We have a blog page devoted to the current regulations relating to Avian Influenza which had raised its head again in the winters of 2020/21 and 2021/22 in the UK. Make sure you are up to date with what you MUST do to comply with the current laws. There are unlimited fines and probably imprisonment for those not heeding the requirements. There are currently no housing restrictions in place BUT it is always wise to be prepared so building a confinement area that is big enough for the birds to be happy will stand you in good stead should an avian lockdown be forced. It might not happen every winter but if it does then this forward planning will allow you to feel quite smug and prepared.
How to get notified of new stock
Please use our Contact page to be added to our waiting list. Tick the waiting list option along with the “opt-in” to give us permission to contact you. Our mailing lists, which are infrequent, have an easy unsubscribe link to unsubscribe at any time. We do not wish to annoy you by emailing you unnecessarily. Please know that we take your privacy very seriously and will not spam you without permission. As we say, spam is for fritters and we hate fritters.
Update your Chicken Coop equipment
We are now stocking fabulous coops called Henlays Roost which are easy to clean and are easy to manage from a Red Mite eradication perspective. If you need to have a lie-in in the morning instead of living in “chicken-time” then invest in a Chickenguard. This will let your chickens out at a time of your choosing so you don’t have to rise with the lark at stupid o’clock. It will also shut them away safely at night thus rushing back to close your coop is now a thing of the past. We now have Chickenguard for sale on our web shop. Nestera Coops (previously Green Frog Designs) have approached us and we are happy to be providing these coops also in the very near future.
Today I spent a good few hours rearranging all my pens to keep the age groups in one place. I have chickens all over the place so it was time to make it more organised.
Well after I caught them up, they ran off, so I caught them again. They didn’t like their new pen because it was obviously a scary place. So inconsiderate! Considering I spent ages digging in some lime to disinfect the area. It also rearranged my hair as I got it caught in the netting. Dragged through a hedge backwards is a recurring theme for me these days. They then made a bolt for the door every time I brought another 2 over. I don’t know about them, but I found it quite stressful. It certainly increased my step count for the day according to my fitness phone app so not all bad!!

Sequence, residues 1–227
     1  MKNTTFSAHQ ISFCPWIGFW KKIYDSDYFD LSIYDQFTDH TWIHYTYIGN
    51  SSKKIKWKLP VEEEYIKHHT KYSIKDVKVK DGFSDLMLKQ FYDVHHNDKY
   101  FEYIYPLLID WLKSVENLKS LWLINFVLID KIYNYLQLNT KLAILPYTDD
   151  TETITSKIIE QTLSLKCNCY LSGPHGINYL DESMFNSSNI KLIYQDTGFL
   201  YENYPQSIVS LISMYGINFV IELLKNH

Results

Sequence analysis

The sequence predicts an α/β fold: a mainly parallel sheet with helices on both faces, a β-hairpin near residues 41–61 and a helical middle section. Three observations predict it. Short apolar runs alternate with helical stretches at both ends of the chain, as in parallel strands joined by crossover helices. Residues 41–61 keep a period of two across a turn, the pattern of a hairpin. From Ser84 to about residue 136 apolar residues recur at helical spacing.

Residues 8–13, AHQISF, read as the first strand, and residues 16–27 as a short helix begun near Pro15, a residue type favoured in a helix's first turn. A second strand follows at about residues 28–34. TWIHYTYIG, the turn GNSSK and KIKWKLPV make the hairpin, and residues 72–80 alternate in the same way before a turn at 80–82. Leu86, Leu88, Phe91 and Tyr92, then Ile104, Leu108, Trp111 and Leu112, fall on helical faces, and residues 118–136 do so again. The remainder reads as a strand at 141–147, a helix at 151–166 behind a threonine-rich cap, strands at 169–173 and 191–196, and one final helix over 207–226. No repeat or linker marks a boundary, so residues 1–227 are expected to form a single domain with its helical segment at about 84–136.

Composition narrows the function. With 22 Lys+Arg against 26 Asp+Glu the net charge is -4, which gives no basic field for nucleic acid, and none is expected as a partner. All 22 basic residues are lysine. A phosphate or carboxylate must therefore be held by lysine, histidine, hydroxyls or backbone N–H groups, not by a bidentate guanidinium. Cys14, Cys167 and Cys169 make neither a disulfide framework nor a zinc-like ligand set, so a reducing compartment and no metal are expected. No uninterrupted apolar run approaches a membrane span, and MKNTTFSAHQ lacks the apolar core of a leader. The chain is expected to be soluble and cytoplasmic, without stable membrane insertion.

When I finally finished I took a picture so I could see what I had and which colour mixes I had. This is not the only batch of chickens I have either so I might have to give myself a stern talking to.
These are now ready to go to their new homes. We have Brahma in Pyle, and Buff Columbian. We have some Orpingtons in Lavender and some Swedish Flower Hens Crossed with either Leghorn or Ancona.
That moment when you realise exactly how many chickens you have. Chicken maths – aka chicken addiction – is a real thing, especially here.
For the uninitiated, the term Chicken Maths relates to a Phenomenon (excuse) for why numbers of chickens get out of control. It starts off by getting a flock of 3, then because you cannot add a single chicken to an existing flock, you end up with 2 more. If you lose one and need to replace it, you end up with another 2 minimum. And so it goes.
Of all the seasons I hate the Autumn the most. I find it hard to find joy in anything. The balmy warmth of Summer is retreating and only dank damp decay is creeping over the still landscape. I am looking out of the window now and I can see partially bare trees with limp leaves which can hardly muster enough energy to look alive. Yes, the colour is there but there is no wind. Autumn has a sort of stillness as though it is waiting to be something else. Dismal is how Autumn makes me feel. It’s as though I have just lost a friend that I will not see again for ages. I am feeling maudling today.
It’s time to go and see my chooks. Sitting with them always cheers me up. They should bottle the sort of therapy they give me. At one time once Autumn raised her stifling blanket of dreariness I never left the house. Now I have a reason to be outdoors, which is helpful. It gives me some much-needed exercise too. Roll on Winter. Now winter is a proper season. It is invigorating, wild, stark, architectural, crisp and bright. Winter isn’t pretending to be anything it’s not. I love winter.
Welcome to our world of chicken keeping. A place where everything is not quite what it seems. A world where once there was no noise in the garden, where no crooning from contented voices happened and where chicken poo seemed something only mad people even looked at – let alone touched. This has become our world and we welcome you to it.
Now I am not the most prolific blogger in the world as you may find out but I do have an enduring passion for these lovable and interactive creatures. They are my guilty pleasure and also my happy place of calm. So much so, that I could not imagine life without them.
This is Doris. She is a Lohmann Brown and an ex-batt. She was one of our first chickens. A very lucky girl as she was rescued through the British Hen Welfare Trust from a battery farm existence and was destined for the knackers yard. She came to us virtually oven ready, with two friends that we called Queenie and Beryl, and she blossomed into the lovely hen you see here. We are so lucky to have rescued her as she taught us a lot about chicken-kind and so our unlikely story began….